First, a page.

Through the unique lens of “Indigenized environmental justice,” Indigenous researcher and activist Dina Gilio-Whitaker explores the fraught history of treaty violations, struggles for food and water security, and protection of sacred sites, while highlighting the important leadership of Indigenous women in this centuries-long struggle. As Long As Grass Grows gives readers an accessible history of Indigenous resistance to government and corporate incursions on their lands and offers new approaches to environmental justice activism and policy.
Throughout 2016, the Standing Rock protest put a national spotlight on Indigenous activists, but it also underscored how little Americans know about the longtime historical tensions between Native peoples and the mainstream environmental movement. Ultimately, she argues, modern environmentalists must look to the history of Indigenous resistance for wisdom and inspiration in our common fight for a just and sustainable future.
Full title: As Long as Grass Grows: The Indigenous Fight for Environmental Justice, From Colonization to Standing Rock
Read: March 2018
Rating: 4.75 stars out of 5
Thank you to Edelweiss+ for the free digital ARC.
“If what the preeminent Indian law scholar Felix Cohen said was true, that Indians are the United States’ miner’s canary that signals the poison gas of the political atmosphere, to extend the metaphor, then in the larger world dominated by the fossil fuel industry all humans have become the miner’s canary… From an American Indian perspective, we’re all on the reservation now.”
-Dina Gilio-Whitaker, As Long as Grass Grows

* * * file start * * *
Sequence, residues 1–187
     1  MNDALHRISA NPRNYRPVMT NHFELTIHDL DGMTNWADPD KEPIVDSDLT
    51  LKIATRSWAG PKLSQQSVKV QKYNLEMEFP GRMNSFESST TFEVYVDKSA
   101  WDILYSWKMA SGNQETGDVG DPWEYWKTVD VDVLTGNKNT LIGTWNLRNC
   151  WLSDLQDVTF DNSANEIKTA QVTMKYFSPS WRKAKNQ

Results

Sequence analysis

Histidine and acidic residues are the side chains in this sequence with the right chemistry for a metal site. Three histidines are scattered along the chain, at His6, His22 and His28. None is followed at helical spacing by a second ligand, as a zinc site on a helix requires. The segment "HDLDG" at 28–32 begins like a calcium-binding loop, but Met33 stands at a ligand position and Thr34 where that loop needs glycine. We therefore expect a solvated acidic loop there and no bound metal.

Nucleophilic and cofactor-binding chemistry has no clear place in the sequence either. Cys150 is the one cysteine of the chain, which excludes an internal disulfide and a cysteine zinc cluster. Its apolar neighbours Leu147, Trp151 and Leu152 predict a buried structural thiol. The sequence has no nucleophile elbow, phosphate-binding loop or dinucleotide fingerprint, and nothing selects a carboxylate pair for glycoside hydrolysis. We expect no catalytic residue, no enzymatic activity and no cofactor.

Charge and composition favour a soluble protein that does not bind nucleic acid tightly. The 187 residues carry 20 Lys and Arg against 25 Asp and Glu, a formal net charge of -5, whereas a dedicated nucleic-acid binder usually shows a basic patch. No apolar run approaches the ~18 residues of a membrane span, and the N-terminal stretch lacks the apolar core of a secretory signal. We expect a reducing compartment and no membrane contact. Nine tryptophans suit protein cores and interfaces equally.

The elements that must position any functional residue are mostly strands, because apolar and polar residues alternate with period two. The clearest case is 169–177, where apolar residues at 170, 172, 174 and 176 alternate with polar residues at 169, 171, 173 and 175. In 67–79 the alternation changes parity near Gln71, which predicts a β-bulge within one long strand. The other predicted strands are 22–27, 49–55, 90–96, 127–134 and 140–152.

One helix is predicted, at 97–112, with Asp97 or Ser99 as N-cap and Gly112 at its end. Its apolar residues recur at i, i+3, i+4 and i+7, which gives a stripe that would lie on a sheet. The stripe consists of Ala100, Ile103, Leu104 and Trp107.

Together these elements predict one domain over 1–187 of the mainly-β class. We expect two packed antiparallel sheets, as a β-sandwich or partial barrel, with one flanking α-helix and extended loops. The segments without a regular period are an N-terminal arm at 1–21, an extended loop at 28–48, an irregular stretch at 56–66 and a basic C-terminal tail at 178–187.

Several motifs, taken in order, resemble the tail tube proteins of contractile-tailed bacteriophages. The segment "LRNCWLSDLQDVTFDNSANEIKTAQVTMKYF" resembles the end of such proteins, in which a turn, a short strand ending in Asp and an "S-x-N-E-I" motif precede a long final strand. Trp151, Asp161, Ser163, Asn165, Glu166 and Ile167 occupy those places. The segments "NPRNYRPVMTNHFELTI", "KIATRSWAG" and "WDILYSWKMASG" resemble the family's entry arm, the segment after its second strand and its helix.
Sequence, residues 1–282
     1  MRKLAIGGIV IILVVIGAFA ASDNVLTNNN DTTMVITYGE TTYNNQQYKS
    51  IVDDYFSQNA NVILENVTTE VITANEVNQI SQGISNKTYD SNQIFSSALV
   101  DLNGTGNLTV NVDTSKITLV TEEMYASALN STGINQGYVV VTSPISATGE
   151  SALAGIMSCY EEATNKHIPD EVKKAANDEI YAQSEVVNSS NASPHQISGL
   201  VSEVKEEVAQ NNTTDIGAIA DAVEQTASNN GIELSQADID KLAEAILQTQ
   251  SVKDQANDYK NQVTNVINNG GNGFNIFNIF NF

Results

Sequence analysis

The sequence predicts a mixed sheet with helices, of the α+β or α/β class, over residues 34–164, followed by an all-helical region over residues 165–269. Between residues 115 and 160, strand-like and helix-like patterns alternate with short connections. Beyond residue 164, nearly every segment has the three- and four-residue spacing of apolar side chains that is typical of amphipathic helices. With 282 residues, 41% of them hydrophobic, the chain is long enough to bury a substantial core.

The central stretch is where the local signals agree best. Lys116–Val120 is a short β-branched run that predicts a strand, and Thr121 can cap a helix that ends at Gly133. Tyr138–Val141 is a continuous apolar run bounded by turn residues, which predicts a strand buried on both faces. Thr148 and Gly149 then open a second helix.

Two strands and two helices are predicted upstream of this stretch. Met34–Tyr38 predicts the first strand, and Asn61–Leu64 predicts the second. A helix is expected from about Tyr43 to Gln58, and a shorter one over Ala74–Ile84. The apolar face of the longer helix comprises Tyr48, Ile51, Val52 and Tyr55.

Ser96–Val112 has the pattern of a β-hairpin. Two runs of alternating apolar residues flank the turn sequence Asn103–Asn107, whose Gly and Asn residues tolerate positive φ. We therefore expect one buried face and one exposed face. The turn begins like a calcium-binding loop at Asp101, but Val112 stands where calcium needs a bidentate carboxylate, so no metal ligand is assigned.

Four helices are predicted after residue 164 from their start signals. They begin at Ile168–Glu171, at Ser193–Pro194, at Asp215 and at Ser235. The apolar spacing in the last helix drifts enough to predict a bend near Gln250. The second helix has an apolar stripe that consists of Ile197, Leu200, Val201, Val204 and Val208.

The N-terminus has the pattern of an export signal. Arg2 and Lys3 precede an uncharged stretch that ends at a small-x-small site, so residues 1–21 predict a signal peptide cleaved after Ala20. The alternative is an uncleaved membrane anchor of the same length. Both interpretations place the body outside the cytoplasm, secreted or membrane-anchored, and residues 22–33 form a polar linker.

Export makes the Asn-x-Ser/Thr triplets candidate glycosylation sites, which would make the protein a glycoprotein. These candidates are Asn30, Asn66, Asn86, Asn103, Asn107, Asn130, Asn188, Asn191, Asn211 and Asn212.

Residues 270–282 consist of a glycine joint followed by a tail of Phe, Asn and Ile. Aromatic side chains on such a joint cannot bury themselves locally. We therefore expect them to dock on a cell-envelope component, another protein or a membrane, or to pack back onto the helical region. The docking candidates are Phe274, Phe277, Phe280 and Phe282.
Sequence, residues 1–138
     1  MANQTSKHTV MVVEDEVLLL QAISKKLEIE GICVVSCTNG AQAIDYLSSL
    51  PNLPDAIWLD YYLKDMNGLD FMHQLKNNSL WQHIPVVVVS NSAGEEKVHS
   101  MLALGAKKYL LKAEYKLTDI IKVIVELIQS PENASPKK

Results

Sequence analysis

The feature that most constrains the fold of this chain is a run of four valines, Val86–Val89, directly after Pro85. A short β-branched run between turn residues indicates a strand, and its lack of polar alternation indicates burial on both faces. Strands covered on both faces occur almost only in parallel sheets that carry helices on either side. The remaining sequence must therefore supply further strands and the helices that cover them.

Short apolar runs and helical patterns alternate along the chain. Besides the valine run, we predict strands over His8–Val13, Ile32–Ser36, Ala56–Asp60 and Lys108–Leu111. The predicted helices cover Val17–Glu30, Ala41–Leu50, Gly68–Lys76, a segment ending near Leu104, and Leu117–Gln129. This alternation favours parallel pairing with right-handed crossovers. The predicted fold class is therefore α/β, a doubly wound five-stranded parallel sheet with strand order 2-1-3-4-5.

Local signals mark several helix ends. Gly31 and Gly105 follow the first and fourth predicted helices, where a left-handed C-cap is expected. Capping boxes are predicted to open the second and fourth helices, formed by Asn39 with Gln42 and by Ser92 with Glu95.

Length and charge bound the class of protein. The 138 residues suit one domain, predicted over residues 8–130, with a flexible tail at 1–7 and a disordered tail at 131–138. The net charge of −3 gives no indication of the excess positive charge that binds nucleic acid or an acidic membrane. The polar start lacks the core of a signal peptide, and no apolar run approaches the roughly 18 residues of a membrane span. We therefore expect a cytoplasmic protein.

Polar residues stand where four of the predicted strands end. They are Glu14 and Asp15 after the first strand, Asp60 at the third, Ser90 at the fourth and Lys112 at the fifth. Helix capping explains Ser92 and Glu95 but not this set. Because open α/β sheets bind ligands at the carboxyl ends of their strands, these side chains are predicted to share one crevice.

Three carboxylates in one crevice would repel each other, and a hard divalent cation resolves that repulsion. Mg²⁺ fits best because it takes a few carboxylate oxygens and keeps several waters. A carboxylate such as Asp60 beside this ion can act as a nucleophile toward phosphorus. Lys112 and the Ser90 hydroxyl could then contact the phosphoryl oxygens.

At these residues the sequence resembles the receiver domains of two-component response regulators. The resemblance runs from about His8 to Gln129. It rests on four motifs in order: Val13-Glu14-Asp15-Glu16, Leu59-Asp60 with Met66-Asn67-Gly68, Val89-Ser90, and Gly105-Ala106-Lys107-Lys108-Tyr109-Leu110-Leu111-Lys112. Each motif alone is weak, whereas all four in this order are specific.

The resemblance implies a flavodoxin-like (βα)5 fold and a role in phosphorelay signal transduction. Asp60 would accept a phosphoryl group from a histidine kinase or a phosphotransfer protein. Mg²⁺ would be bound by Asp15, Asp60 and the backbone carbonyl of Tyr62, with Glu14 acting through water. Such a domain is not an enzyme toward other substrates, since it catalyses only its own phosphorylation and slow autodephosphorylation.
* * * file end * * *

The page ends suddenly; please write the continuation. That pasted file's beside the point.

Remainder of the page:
When you sit down with As Long as Grass Grows, be prepared for some serious introspection.
Reading this book was difficult because as I read, my own naivety and ignorance – willful or otherwise – hit me again and again. I knew that white settlers had systematically and violently oppressed the Native American population, but I never really understood the exact extent this cultural squashing reached. After reading that Native Americans were enslaved by white settlers and being subsequently shocked by that fact, I then wondered why it never occurred to me that such a thing happened. It never dawned on me that the disappearance of the bison was more than just human – or more accurately, settler – carelessness pushing the bounds of nature’s resilience – that instead it was the result of an intentional extirpation of this majestic animal and valued food source by the American government in an effort to further subjugate Indigenous peoples. Nor did I ever really stop to think about how colonialism disrupted the diets of Native peoples and the deleterious effects it wrought upon their cultures and health.
The environmental injustices suffered by Native Americans have yet to be relegated to antiquity: They’re an ongoing problem – a problem that, as Gilio-Whitaker argues, is the progeny of the American government’s horrific history with Native peoples.
Gilio-Whitaker dispels the notion of a peaceful history between environmental groups and Indigenous peoples. Once environmental groups were powerful forces driving Indigenous displacement; later they would co-opt the Native American for their own purposes. These transgressions are part of an ugly past, and those of us in the environmental movement need to acknowledge them and take steps to mend what’s been broken.
Clearly, there is much room for progress. But that doesn’t mean there’s been none to speak of. Gilio-Whitaker cites the Keystone XL and Standing Rock protests as examples of coalition-building, despite their flaws. The keys to bettering relations with Native peoples and achieving environmental justice with them are that those of us who are “settlers” become more cognizant of our privilege and the harrowing story of how that privilege was established and enshrined into law, confronting the resultant biases and prejudices we hold, and recognizing the agency and sovereignty of Native American peoples.
Cover image is from BarnesandNoble.com.